Referring now to FIG. 3, there is shown a block diagram of a typical performance assessment unit (FAQ and an actuation logic circut (AL as set forth in FIG. 2. The performance assessment unit PA; is provided with two input signals, one signal being obtained by the summation of the measured response variable r and the command input .r to provide the input signal e The other input signal to the performance assessment unit will be the measured response variable x The performance assessment unit provides a first output signal e which is the predicted error signal and is obtained by multiplying the 6 input by (1+rs) in the function block 1. The second output signal from the performance assessment unit PA; is the output signal v The v; signal is obtained by noting the sign of the e signal in a signum (SGN) or sign detector 3 which provides a voltage of a first level for a positive e sign and a voltage of a second level for a negative c sign. The x input signal is multi' plied in the (1+rr) circuit unit 5 and differentiated twice in differentiators 7 and 9. The sign of the second derivative then at the output of differentiator 9 is obtained and applied to a sign detector 11, a positive sign providing a first voltage level output therefrom and a negative sign providing a second voltage level output. The signs of the e signal and the ti signal are then applied to a half adder 13. The half adder provides a reward v output signal indicative of improved system performance when the signs of the e and the (a signals are different and in the other instance provides a punish signal indicative of regressive system performance. This is represented by the Boolean algebra equation 1' :Reward :SGNc -SGNi USGNe -SGNi The theory of this multiplication of the sign of predicted error (e by the sign of the acceleration of the measured response variable (.iis fully set forth in the above noted technical reports.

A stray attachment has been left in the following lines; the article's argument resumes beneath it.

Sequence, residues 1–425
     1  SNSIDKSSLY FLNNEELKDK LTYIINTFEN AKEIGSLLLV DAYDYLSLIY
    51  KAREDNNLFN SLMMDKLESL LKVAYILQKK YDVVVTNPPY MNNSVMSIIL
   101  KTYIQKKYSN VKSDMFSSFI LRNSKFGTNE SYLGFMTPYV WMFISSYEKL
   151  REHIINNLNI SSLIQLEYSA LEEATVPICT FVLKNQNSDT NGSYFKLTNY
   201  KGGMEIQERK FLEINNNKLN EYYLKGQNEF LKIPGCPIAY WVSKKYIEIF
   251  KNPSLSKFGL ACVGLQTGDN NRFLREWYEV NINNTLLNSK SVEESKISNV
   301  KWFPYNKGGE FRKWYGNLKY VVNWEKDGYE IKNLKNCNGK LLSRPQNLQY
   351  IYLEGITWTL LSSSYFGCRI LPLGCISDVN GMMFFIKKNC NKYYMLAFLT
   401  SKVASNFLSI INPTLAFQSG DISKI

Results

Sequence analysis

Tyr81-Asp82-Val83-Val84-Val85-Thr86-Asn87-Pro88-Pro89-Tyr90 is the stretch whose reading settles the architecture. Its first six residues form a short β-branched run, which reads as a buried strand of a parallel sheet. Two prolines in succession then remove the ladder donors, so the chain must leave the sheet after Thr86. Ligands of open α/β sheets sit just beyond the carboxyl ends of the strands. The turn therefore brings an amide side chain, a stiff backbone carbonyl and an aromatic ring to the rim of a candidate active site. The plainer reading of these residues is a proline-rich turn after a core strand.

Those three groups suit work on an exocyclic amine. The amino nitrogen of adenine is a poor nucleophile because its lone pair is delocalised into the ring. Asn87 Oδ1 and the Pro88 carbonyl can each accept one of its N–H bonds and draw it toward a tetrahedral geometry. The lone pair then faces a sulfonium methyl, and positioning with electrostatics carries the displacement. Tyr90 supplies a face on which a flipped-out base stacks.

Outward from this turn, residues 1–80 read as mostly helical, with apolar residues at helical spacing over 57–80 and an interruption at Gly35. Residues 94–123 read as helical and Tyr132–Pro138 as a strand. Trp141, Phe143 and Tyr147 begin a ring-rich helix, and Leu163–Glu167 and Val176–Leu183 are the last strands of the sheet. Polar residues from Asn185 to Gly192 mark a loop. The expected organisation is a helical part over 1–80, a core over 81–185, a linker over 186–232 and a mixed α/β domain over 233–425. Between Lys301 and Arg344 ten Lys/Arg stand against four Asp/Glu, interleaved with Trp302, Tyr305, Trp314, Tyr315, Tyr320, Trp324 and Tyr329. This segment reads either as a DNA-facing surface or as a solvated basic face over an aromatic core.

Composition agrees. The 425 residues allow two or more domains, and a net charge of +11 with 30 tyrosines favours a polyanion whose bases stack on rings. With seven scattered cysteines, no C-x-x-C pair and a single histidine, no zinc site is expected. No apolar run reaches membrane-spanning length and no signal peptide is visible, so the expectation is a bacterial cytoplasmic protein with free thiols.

The circuitry for performing the functions of the several blocks of the PA unit of FIG. 3 is known in the art. Typical circuits are set forth in FIG. 4 wherein circuits within dotted lines correspond to blocks in FIG. 3 having identical character references. The inverters marked 19, 21, 23 and 25 are not logically significant and provide amplification in addition to inversion of the signal. It should be noted that capacitor C can be varied to adjust the time constant T.

The coupling unit receives an input signal e from the performance assessment unit PA this input being fed to a non-linear function generator 15. The output of the function generator 15 is fed to a distributed spectrum modulator 17 which is composed of a random noise source 27 having zero mean which feeds a summing circuit 29, the summing circuit also being fed by the function generator 15. The output of the function generator acts as a biasing circuit about which the noise signals are randomly distributed. In this manner, the level of the signal from the function generator will determine, according to the Gaussian error function, the percentage of signals from the summing circuit 29 which are above and below the mean of the noise. The output of the summing circuit is fed to a sign detector 31 which provides an output signal indicative of the sign at the output of the summing circuit.